Significant topics for basic research in this field are the roles of affect, risk aversion, persuasion, self-insight, and regret, in increasing or decreasing the likelihood that older adults make adaptive decisions.

Social Engagement and Cognition Maintaining a “healthy mind” is one of the central concerns of old age, with profound social and economic consequences for older people and for society. Recently, fascinating correlational findings suggest that social relationships and social interactions may affect cognitive functioning at older ages, but these findings have not been examined systematically: they do not establish causal connections nor do they help to identify contributing mechanisms. If there is a causal relationship, it is imperative that researchers identify its properties. Do high levels of social engagement lead to greater intellectual stimulation? Does social engagement mediate depression, which can depress cognitive abilities? Do culture, context, and ethnicity play a role in either minimizing or magnifying the effects of social engagement for cognitive health?

Opportunities Lost: Stereotypes of Self and by Others To the extent that false beliefs influence the ability of societies to use the resources represented in older cohorts, opportunities are lost. Ageism—the attitudes, behaviors, and stereotypes targeted toward older adults because of their perceived age—can affect the opportunities that individuals are afforded during the later years of life. Stereotypes are not just static beliefs: they have both long-and short-term consequences that may function in a pernicious cycle. Stereotyped beliefs about older adults can lead to differential treatment and a loss of access to opportunities. Because people frequently respond to the conscious or unconscious stereotypes held by others (or even by themselves), stereotypes may limit the contributions that older people can make to society.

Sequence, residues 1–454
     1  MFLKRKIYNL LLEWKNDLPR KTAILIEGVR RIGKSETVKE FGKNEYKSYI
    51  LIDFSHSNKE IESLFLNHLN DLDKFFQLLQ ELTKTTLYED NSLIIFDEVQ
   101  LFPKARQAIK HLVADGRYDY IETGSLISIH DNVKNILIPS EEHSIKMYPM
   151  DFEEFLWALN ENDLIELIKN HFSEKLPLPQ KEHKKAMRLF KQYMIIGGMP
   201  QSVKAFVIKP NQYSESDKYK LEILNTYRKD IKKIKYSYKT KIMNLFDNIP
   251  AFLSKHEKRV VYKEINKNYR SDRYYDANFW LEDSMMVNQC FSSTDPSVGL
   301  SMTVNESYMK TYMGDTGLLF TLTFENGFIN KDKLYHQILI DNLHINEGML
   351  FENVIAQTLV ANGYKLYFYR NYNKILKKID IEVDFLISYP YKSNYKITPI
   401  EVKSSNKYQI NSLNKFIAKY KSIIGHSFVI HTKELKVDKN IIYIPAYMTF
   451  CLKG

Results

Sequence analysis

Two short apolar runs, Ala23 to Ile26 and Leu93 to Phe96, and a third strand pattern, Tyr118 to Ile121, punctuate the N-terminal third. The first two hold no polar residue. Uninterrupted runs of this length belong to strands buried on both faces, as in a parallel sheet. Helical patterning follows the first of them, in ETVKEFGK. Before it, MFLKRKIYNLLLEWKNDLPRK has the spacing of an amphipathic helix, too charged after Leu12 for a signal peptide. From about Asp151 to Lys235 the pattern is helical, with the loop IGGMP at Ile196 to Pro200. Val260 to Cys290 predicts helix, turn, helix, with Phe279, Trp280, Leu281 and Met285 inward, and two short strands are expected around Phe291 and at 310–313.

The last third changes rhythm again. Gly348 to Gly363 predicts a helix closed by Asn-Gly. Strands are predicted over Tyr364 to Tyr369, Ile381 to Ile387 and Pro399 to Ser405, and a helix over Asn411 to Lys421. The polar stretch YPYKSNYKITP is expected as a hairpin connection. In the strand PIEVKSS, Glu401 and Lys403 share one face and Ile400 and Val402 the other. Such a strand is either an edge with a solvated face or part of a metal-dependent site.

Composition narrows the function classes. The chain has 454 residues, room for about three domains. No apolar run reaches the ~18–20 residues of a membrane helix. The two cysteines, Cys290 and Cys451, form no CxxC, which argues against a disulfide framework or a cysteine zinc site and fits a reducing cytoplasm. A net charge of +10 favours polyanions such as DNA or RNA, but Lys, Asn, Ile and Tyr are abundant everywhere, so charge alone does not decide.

Aging stereotypes include both positive and negative assessments of older adulthood. In some cases, these beliefs may be particularly difficult to change because they contain some truths. How do negative and positive stereotypes about older adults lead to differential treatment? How do beliefs about aging affect identity and other aspects of self-concept? How can stereotyped beliefs of aging and about older adults be changed? How applicable are the theories and successful intervention strategies in changing race- and gender-based stereotypes for those associated with aging?


Gender, race, socioeconomic class, culture, and ethnicity are factors that affect virtually all aspects of the health and functioning of older people because of their cumulative effects across the life course. Recognizing this,

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